How do I stack comets in PixInsight?
This post will dive straight into the solution. Everything covered here is shown in the video, How to Process a Comet in PixInsight.
Weighted Batch Preprocessing
This step will calibrate, debayer, star-align and integrate your data. You can also do this manually. If you’re not familiar with calibration, read my quick and dirty intro to calibration frames for astrophotography. If you go the manual route, you’ll do something like this depending on what data you have.
- Integrate bias frames to create a master bias per ISO/Gain.
- Integrate dark frames for a master dark per exposure and ISO/Gain.
- Subtract the master bias from the master dark to calibrate it.
- Subtract the calibrated master dark from the dark flats to calibrate them.
- Integrate the dark flats into a master dark flat.
- Subtract the master dark flat from the flat frames to calibrate them.
- Integrate the flat frames into a master flat.
- Subtract the master dark from the lights to calibrate them.
- Divide the lights by the master flat to calibrate them.
- Optionally apply cosmetic calibration to the lights.
- Debayer (de-mosaic) the lights.
- Star align (register) the lights.
- Integrate the the registered lights.
At the end of the process you should have an image with perfect stars but a seriously smeared comet. We’ll call this one star-integrated.
The next step is to steal the stars. The stack came from the star-aligned frames. The resulting stars will align perfectly. We can use that to ignore the stars and focus on what changes, i.e. the data for the comet. If you have StarXTerminator run that and use the option to generate a star image and unscreen the stars. An alternative is to run StarNet++. Save the stars to a
xisf and call it stars.
TIP If you notice some of the comet came along for the ride due to its bright core, use the CloneStamp tool to remove it by cloning the background over it. We just want stars here.
Now you can run the CometAlignment process. The steps here are:
- Load the registered frames (these are the same ones that were integrated in the first step).
- Click on the nucleus/core of the comet in the first frame. You can either double-click on the first file in the list or use the button to load it, then stretch it and click.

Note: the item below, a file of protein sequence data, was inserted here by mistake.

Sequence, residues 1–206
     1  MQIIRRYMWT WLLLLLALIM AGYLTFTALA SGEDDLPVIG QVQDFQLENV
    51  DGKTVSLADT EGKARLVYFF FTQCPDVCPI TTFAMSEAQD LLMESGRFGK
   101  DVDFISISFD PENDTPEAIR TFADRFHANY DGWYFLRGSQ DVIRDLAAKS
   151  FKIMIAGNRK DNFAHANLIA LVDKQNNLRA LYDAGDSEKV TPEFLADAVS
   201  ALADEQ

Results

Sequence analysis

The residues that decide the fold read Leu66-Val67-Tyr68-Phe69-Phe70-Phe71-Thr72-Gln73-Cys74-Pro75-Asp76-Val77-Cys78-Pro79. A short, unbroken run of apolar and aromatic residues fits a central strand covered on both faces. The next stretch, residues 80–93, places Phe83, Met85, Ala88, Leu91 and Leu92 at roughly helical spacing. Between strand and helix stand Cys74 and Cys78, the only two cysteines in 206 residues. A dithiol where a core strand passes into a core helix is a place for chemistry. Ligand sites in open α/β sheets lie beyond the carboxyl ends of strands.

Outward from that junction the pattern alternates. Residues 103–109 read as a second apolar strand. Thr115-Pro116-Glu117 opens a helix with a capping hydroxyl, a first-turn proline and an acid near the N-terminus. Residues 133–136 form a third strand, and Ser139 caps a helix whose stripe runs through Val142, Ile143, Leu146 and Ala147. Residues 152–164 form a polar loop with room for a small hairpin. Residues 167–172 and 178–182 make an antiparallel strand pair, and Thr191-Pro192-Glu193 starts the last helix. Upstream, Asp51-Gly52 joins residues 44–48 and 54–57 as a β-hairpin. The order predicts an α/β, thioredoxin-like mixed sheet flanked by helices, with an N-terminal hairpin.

- Repeat the step for the comet in the last frame. The alignment tool will use the distance between these two points to compute the comets position in the other frames based on their timestamp. You can also manually update other frames.
- Here is the key that most people miss. In the subtract section you can specify the stars file you saved earlier and pick stars aligned as the type. The result is that the stars will be subtracted from each frame, essentially leaving just the comet behind. The residual star “ghosts” will be averaged out by the stacking algorithm. This is how to a void star trails and streaks.
Now run ImageIntegration on the comet-aligned frames. You should get the comet and some noise along the edges where comet alignment had to crop the frame.
You might be tempted to crop out the noise, but not yet. To finish the integration, we need to put the stars back. Using some simple PixelMath we’ll blend the inverse of the two images and then invert the result. This makes for a smooth integration. If you used something besides stars for your stars file, replace it in the following equation. This equation can be dropped onto the integrated comet (which will serve as the target, or
$T in the formula) to integrate the stars.
Now we can process it like any other deep sky object. The process I usually follow is this:
- Dynamic Crop
- Automatic Background Extraction
- Dynamic Background Extraction
- ImageSolver if not already plate-solved
- EZ Soft Stretch
- Miscellaneous tweaking of curves, noise, and generation of masks to help bring out the comet detail.